I found a wonderfully stippled R. arkansana in Morris MN. Along the potato fields I was working in there was lots of R. arkansana of different genotypes with ranges in color from near white to dark pink. A wonderfully stippled one on a blush pink background really caught my eye and still have a piece of it. I have a couple seedlings from it. I should work with them more. THere seems to be some reproductive barriers with them limiting them from crossing easily with modern roses, but with some persistence more seedlings are possible.

THis is my suspicion. Striping and stipples are caused by transposable elements- sections of DNA that move in the genome that are likely retroviruses. There is a section of DNA in an anthocyanin gene that prevents it from expressing itself. Therefore, the color is white or blush. At certain points of development in certain tissues, the system can be turned on for jumping of that segment to happen. In these rose flowers it is at a certain point early in the development of petals. In some cells the segment jump out of the gene and in others they don’t. Then, all the additional cells that divide after that point share a functional anthocyanin pathway (jumped out) or not (didn’t jump). Striping I suspect has the jumping occur earlier in development for bigger splotches of color. Stippling I suspect happens later in development so there are smaller regions of color, although there can be many. It seems like there is greater stippling in the center strip of the petal in many stippled roses than the edges, so there is tissue that is more sensitive. This is just my suspicion and more work needs to be done to document this. Someone with the tools, money, and interest can identify the key anthocyanin gene, sequence it from cells from tissue that is expressing anthocyanin strongly and from tissue that is not and compare.

What I would love to know is why stripes can be as prominent as a normal roses, but both stipples and hand-painting are better in cooler weather. However, in some cases, stripes become self-tones (all one color) in extreme heat. I have seen pure red Scentimental roses on many occasions, for example.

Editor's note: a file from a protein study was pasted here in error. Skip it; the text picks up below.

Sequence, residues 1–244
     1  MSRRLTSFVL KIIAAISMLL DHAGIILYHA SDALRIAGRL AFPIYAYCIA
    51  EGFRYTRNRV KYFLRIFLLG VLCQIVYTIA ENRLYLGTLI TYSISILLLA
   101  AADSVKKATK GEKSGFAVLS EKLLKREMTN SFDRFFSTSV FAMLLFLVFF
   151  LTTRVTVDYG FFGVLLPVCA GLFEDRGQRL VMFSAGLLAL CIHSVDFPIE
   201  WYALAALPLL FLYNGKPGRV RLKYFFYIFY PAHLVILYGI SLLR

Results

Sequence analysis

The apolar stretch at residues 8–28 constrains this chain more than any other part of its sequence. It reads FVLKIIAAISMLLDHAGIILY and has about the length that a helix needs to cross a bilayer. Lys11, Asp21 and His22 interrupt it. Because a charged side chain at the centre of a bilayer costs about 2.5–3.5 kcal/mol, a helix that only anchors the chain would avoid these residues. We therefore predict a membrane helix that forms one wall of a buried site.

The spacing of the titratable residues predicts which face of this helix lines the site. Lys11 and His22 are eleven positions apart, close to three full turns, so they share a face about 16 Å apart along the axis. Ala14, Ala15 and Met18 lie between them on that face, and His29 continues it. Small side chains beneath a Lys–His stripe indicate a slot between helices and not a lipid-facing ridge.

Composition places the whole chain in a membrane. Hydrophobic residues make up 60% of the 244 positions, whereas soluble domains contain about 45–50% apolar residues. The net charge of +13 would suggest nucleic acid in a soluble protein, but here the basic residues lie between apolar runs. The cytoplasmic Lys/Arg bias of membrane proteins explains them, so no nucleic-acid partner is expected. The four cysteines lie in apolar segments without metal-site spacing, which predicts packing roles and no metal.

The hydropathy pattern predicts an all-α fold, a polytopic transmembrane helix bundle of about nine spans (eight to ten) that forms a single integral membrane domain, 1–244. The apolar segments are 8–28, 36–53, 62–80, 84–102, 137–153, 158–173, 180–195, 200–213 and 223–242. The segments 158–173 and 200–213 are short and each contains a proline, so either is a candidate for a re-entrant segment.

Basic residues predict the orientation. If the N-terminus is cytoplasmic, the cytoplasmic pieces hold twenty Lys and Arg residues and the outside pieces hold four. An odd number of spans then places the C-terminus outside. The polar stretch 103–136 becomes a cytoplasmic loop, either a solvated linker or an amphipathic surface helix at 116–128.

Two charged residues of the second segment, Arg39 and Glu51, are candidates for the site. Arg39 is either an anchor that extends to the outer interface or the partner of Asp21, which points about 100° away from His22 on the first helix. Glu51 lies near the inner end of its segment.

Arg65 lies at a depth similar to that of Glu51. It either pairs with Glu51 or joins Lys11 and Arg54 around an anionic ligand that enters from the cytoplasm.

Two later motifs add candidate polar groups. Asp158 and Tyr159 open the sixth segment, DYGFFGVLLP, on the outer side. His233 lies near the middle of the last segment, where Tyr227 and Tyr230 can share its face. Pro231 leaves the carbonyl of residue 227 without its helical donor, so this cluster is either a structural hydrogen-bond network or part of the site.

Any one have any experience with Incredible? I’m looking at getting that one from Chamblee to see if it passes on its stipples. Also trying to find an affordable source for Gee Whiz and Spanish Rhapsody. Any info on these two? Basically I’m looking for any Buck Stipples just to see what’s in them.

I don’t know if it would be technically considered a stipple (probably more veining) but I have Sunstruck which has neat color patterns. The photos on hmf could be better in showing the effect, but it can be quite nice. Fading is not good but it isn’t too bad with BS (for a HT) and it is a very strong grower - just needs better hardiness for my area but does okay with leaves piled around the base. I’m thinking of using it on some of my striped and stippled varieties and some of my solid colored ones just to see what patterns would emerge. If I remember correctly, I think I have one or two OP hips on it now. So maybe I can get something next year. Any other roses worth getting that have this type of pattern?